Ivory ban affects Native arts (Alaska)


Kevin Baird, Newsminer

Date Published

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FAIRBANKS — New laws banning the sale of ivory are having a “chilling effect” on the Alaska Native arts economy, Sen. Dan Sullivan said.

Sullivan convened the U.S. Senate Committee on Environment and Public Works Subcommittee on Fisheries, Water and Wildlife for a field hearing Thursday afternoon during the Alaska Native Federation Convention at the Carlson Center.

California, New York and New Jersey now have laws banning the trade and sale of all types of ivory including walrus tusks.

For centuries, some Native Alaskans have relied upon the walrus for food, their skins for watercraft and have carved the tusks into intricate works of art. Today, these works of art play a major role in the subsistence economies of some Alaska villages.

John Waghiyi of St. Lawrence Island, which lies in the middle of the Bering Sea, has been carving walrus tusks for more than 50 years. In the arts pavilion at AFN, his hand-crafted ivory statuary is attractive. The polar bears, seals, narwhals and natives in traditional dress, which have been chiseled from ivory is how Waghiyi brings money back to his village.

“I think most people are ridiculously misinformed,” Waghiyi says of the people who have worked to bring about these blanketed bans on ivory. “We have a connection to this resource that predates history. We are not a bunch of European poachers exhausting the resource. We’re the best conservationists in the world. We have a spiritual connection to the walrus.”

“We eat the meat. It’s part of our subsistence lifestyle,” Waghiyi added.  

During the hearing, Sullivan said the Federal law, that went into effect in July, bans the sale and trade of only elephant ivory, but this has confused many tourists leading them to avoid purchasing walrus-ivory native art in Alaska.

Rosita Worl, who is president of Sealaska Heritage Inc., was the first to testify at the hearing. She said she had been proactive in trying to prevent the state ivory bans.

“These ivory bans are a deterrent and may confuse those who would buy. Suppression of the ivory market could be disastrous,” Worl said. “Alaska Natives firmly believe and support efforts to preserve the African elephant. However, we do not believe efforts should affect the Alaska Native ivory artists.”

“There is little opportunity for economic development in our villages,” she added. “Today, arts and crafts play and even greater role in village economies.”

Worl said an ivory artist can earn between $35,00 and $50,000 in a year, and the money often is shared with the family and the village.

Tara Sweeney, an executive vice president at the Arctic Slope Regional Corporation, said native artwork is being confiscated at the U.S.-Canadian border by U.S. Fish and Wildlife Service personnel, and at airports too.

“I believe it is your responsibility to draw the line between elephant ivory and walrus ivory,” Sweeney said to Sullivan. “It should not be synonymous.”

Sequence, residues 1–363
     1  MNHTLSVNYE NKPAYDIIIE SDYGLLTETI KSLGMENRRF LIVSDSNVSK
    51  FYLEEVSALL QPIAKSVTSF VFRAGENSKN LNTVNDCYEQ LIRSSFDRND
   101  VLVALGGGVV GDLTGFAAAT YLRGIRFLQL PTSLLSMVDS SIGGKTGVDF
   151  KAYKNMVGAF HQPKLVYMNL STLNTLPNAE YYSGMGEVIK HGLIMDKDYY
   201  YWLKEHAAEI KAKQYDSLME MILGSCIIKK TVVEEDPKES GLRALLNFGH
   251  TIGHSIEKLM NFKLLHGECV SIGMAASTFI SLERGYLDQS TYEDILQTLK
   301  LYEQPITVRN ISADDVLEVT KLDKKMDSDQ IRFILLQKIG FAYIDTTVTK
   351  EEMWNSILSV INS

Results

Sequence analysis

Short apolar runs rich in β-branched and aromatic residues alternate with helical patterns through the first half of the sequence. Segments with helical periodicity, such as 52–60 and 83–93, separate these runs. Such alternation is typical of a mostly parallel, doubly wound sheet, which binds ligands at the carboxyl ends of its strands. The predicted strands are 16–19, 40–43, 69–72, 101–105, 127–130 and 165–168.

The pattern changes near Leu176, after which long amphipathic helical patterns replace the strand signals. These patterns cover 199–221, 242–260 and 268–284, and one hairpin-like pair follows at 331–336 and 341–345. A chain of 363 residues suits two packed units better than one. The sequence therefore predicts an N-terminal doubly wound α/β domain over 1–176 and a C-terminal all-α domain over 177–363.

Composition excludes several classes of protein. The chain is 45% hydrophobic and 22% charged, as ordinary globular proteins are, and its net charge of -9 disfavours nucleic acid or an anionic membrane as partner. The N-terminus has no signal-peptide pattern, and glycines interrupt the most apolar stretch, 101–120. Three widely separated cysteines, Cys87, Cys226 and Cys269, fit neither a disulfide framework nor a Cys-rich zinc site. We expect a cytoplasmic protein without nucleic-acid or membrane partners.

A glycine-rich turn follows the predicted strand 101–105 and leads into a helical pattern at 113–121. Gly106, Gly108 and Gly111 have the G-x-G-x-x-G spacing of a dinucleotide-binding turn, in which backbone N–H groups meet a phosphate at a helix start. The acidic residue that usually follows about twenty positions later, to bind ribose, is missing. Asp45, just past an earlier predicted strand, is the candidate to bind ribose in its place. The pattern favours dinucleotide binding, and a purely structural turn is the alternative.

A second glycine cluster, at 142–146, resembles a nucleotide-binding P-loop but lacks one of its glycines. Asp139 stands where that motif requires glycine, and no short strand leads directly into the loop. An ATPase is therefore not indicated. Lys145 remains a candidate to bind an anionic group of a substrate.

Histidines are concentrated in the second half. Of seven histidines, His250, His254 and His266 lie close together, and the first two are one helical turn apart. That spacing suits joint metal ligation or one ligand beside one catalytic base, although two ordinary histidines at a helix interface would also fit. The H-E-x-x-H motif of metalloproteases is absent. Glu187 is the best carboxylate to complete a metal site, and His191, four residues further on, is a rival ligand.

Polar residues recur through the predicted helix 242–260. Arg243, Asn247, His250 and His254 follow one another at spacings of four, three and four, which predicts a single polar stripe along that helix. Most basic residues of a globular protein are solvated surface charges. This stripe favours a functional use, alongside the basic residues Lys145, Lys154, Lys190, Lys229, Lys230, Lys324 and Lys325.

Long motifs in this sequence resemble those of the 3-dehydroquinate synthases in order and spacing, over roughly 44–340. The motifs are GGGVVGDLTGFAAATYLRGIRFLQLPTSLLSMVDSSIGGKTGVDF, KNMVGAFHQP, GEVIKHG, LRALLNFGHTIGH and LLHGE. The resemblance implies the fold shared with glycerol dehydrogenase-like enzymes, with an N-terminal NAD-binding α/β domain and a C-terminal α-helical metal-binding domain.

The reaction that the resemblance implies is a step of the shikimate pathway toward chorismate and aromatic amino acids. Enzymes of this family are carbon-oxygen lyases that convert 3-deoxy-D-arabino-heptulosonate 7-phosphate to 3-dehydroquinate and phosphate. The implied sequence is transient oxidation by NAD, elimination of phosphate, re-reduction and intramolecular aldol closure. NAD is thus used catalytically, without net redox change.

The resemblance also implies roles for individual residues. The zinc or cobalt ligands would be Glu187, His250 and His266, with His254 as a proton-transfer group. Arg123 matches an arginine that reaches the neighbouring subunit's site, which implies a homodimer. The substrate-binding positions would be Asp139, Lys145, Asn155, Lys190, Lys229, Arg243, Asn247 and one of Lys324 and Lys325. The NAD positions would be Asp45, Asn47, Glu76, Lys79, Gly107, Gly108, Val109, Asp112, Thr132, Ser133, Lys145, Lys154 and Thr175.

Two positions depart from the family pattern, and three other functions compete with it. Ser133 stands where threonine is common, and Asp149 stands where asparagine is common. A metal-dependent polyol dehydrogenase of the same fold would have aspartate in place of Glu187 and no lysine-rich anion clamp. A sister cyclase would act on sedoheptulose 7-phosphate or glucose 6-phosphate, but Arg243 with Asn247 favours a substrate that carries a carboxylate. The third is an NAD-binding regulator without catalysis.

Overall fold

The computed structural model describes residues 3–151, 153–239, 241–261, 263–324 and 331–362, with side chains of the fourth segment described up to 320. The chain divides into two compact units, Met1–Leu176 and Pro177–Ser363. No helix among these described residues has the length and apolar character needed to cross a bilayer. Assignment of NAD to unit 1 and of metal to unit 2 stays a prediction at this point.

Susie Silook, a world renowned ivory and bone artist who is also from St. Lawrence Island testified in the hearing. She said she has not been producing so much art lately because she has been working to prevent more sweeping ivory bans.

“I’m well aware of who this is impacting,” Silook said. “This is me. It’s us.”

Silook also works with mastodon and mammoth bones, which can be found on her island, and was baffled that mammoth ivory is illegal in some states.

“The mammoth is extinct. This is ridiculous,” Silook said.

Silook suggested that an Indigenous People’s Policy Committee be involved with federal lawmaking to give Natives a voice.  

World Wildlife Fund’s Arctic Managing Director Margaret Williams said the WWF fully supports the recent ban on elephant ivory, but the wildlife advocacy group respected people who live a sustainable life.

“WWF encourages (lawmakers) to engage with Alaska Native populations when drafting these laws,” Williams said. She said working with Native groups such as the Eskimo Walrus Commission is also encouraged.

Sullivan asked Worl if she thought states had implemented the broad ivory bans and unintentionally harmed native ivory arts, or whether the bans had been passed knowing full well about the impact on Alaska Natives.

Worl, who had fought against these laws, said she had felt ignored.

“In the case of California, I think they were very much aware,” Worl said.

“I think they’re ignoring us completely,” Silook added.

Sullivan wondered whether there were other wildlife advocacy groups pushing lawmakers into passing these absolute ivory bans. He asked Williams if she knew which, if any wildlife-advocacy groups have been a driving force behind the full ivory ban in California.

“It’s not us,” Williams said. “I can’t speak on behalf of other groups though.”

Sweeney proposed that the WWF use its influential connections to the other advocacy groups to make clarifications regarding the walrus ivory trade.

“We would be glad to clarify this within our network,” Williams said.

Silook also suggested a national ivory action plan — an educational campaign at seaports and airports — to inform people about the differences in elephant and walrus ivory.

Sullivan said the record will remain open and any person wishing to testify on the matter can do so by emailing pierce_wiegard@sullivan.senate.gov